Governments and nonprofits

April 16, 2015; San Diego Reader

Civic San Diego, a nonprofit organization that is essentially a quasi-governmental body, is currently in the midst of a controversy about whether or not it should be allowed to make decisions about investments of public funds in development projects. This very complex story is playing out locally in the meetings of community organizers and local nonprofits, in the halls of city government, at the state level, and even in the boardroom of the nonprofit itself.

A little background might help. In the midst of a major economic crisis in California, then-governor Jerry Brown dissolved all redevelopment programs in 2011. In response, San Diego created a nonprofit group, Civic San Diego, which would be charged with overseeing redevelopment efforts in neighborhoods throughout that southern California community. Civic San Diego used to be known as the Centre City Development Corporation, and says that it is maintaining many of the projects of the former redevelopment agency.

The agency applied for and received federal new market tax credits to help the agency remain as a development arm of the city. Then, a little more than a year ago, Civic San Diego announced that it would use the credits as a $100 million fund to spur development in two neighborhoods, Encanto and City Heights. However, people started to get nervous when the organization claimed it needed expanded permitting and planning authority.

The claim is that this has given Civic San Diego the ability to secure and spend public funds without any accountability at all. They do not have to apply for funds, as they have a large amount of new market tax credits. They do not have to get approval of the development projects they give a go-ahead to. They do not have to measure any development project against a pre-approved economic benefit rubric.

A coalition of 25 community activists calling themselves the Community Budget Alliance wrote a letter to the mayor and the city councilmembers calling for them to hold Civic San Diego to a yet-to-be-drafted community benefits policy. This policy, they argue, should require a specific number of affordable housing units in every development project, and that jobs should be offered to residents of San Diego at living wage levels. On the other hand, some groups like the Encanto Community Planning Group are saying they want to be able to determine what should go in their neighborhood, and that some San Diego–wide policy might not reflect what they need or want.

Meanwhile, state assembly member Lorena Gonzalez has drafted and is submitting legislation at the state level that would require the City of San Diego to approve any project of Civic San Diego. She argues that handing this work to a private nonprofit might be illegal and is certainly bad policy, and would like to see that minimum amount of accountability. On the other hand, a representative of the nonprofit Downtown San Diego Partnership thinks that her legislation would scare off development.

Finally, the Board of Civic San Diego continues to have the support of the mayor and members of the city council. On the other hand, there is one board director of the nonprofit who has initiated a lawsuit that seeks to create specific guidelines for what the organization can and cannot do.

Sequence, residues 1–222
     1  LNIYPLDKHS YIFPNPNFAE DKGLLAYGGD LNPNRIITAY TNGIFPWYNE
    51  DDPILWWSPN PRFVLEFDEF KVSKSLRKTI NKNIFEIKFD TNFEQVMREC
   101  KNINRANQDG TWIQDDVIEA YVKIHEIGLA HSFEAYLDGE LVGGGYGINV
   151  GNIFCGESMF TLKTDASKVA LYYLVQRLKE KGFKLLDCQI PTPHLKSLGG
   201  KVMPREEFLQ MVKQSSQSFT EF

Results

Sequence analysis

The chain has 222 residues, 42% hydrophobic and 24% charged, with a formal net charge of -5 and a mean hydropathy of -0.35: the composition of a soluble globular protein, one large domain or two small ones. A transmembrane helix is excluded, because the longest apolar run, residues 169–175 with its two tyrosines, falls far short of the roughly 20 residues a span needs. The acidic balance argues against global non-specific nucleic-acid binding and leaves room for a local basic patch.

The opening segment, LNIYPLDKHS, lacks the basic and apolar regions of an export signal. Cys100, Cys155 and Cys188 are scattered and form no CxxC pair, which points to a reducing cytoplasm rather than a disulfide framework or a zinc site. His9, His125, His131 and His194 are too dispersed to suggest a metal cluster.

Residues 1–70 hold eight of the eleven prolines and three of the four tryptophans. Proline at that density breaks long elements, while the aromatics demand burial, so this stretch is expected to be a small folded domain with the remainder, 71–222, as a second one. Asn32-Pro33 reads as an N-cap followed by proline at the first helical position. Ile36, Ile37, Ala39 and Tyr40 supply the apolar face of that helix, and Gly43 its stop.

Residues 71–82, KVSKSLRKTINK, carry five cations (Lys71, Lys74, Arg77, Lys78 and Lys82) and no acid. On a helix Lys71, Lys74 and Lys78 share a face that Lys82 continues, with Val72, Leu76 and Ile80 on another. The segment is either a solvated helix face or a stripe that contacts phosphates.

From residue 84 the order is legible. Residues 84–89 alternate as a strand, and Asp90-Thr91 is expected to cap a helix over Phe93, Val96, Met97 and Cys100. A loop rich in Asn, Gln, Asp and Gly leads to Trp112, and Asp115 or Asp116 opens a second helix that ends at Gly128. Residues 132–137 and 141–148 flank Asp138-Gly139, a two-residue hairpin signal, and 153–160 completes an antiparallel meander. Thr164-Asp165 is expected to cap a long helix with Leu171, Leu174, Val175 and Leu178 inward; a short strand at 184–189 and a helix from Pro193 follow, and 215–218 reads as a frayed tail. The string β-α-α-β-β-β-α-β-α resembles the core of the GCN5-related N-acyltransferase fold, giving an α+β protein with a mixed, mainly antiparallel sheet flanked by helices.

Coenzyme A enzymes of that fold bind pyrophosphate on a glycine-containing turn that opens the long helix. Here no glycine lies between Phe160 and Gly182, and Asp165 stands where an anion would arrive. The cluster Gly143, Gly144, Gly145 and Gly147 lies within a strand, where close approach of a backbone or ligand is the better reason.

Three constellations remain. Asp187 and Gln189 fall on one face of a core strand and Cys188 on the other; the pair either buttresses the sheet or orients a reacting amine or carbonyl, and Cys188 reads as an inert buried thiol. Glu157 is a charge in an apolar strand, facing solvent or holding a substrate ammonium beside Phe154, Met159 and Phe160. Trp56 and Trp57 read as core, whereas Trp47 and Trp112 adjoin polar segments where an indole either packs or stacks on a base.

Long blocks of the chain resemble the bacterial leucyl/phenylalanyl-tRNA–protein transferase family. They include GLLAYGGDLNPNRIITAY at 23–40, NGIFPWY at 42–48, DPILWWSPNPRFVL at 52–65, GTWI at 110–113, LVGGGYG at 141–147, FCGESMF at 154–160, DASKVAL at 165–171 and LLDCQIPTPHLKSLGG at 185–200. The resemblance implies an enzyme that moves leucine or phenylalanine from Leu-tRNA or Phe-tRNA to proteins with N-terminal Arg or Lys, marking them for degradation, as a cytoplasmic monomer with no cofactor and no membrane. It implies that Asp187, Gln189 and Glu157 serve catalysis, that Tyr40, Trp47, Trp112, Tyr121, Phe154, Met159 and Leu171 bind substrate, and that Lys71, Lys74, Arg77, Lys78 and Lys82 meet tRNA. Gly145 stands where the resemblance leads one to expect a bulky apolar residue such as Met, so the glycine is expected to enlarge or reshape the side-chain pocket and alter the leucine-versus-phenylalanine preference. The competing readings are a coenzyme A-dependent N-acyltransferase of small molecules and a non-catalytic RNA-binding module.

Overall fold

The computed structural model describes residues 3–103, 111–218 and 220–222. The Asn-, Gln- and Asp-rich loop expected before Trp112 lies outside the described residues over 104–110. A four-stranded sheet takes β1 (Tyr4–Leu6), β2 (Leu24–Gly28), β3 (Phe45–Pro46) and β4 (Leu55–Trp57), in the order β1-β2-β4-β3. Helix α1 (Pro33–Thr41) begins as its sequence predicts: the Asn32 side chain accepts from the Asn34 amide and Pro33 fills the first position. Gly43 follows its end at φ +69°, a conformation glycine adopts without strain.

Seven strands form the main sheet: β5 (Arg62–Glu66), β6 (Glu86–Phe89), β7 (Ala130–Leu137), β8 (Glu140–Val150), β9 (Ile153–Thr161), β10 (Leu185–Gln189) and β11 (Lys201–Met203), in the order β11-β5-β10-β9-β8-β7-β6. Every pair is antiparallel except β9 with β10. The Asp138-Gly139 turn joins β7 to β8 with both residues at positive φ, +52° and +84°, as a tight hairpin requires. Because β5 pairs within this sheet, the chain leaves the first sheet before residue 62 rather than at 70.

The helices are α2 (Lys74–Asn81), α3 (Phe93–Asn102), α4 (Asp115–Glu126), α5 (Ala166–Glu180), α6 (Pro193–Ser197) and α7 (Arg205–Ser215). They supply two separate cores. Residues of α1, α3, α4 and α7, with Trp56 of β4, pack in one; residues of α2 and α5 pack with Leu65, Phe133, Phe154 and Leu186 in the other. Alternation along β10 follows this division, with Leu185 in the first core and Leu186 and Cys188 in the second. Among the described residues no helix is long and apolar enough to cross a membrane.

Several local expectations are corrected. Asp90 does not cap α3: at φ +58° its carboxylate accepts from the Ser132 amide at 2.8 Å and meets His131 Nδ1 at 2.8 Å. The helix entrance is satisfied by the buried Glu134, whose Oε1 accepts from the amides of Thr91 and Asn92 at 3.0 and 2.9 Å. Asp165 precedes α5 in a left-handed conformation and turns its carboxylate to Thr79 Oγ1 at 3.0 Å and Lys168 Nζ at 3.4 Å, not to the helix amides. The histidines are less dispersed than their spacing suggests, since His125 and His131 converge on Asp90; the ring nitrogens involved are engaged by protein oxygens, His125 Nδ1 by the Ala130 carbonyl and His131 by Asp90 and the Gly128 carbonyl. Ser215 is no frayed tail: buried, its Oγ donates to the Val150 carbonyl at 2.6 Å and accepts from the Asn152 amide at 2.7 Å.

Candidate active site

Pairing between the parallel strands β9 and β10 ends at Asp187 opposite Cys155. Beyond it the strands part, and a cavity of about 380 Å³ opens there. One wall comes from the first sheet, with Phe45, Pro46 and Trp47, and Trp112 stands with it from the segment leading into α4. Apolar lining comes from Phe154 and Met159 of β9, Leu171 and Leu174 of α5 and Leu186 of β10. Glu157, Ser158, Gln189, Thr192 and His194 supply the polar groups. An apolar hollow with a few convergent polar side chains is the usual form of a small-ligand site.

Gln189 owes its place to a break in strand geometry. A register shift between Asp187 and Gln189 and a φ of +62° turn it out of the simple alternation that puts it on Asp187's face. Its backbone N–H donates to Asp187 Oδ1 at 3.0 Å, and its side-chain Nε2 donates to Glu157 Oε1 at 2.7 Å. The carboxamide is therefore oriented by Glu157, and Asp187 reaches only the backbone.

It all seems to boil down to the transparency of Civic San Diego’s actions—what can it do on its own with public funds? What level of accountability and transparency should be required?

Civic San Diego is an independent 501(c)(3) organization with its own board of directors. Its website claims that it is a “city-owned” nonprofit organization, which seems odd as there is no ability to own a nonprofit. What the statement actually refers to is that the organization is a membership organization with one member, and that member is the City of San Diego, as represented by the elected officials on the city council. The one member has the right to either appoint (the mayor can appoint one director) or elect the board to three-year terms.

The organization’s bylaws are posted on its website, which is a level of transparency few if any other nonprofits aspire to. These bylaws are quite specific that there must be a high level of ongoing transparency, with the organization having to file monthly financial reports with the city’s treasurer’s office. The makeup of the board is also very specific in terms of the balance of sector representation and the need to have a broad base of experience and knowledge of urban development. Not knowing the community well, from the outside, the board looks like the kind of group to be dreamed of, including people with high levels of experience in the work of development and neighborhood work.

In one article, it is claimed that no other city in the country has a nonprofit agency with this kind of scope and power. Although it is not an exact match, in Wisconsin, a nonprofit created by Gov. Scott Walker called WEDC has taken up business development work that used to be managed by a state agency. The board of that agency includes the governor himself, a few elected officials, and some businesspeople. It has had a troubled history so far, with a number of high-level executives staying in their jobs for only a very short time, and there’s a proposal in Walker’s 2015–17 budget to merge the organization with the Wisconsin Housing and Economic Development Authority, creating an amalgam entity, the Forward Wisconsin Development Authority, whose “new board would have only private-sector appointees.”

Still, it appears this might be a trend, that governments are creating semi-private nonprofits to do government business, so the questions of accountability being asked in San Diego are very relevant and should be watched closely.—Rob Meiksins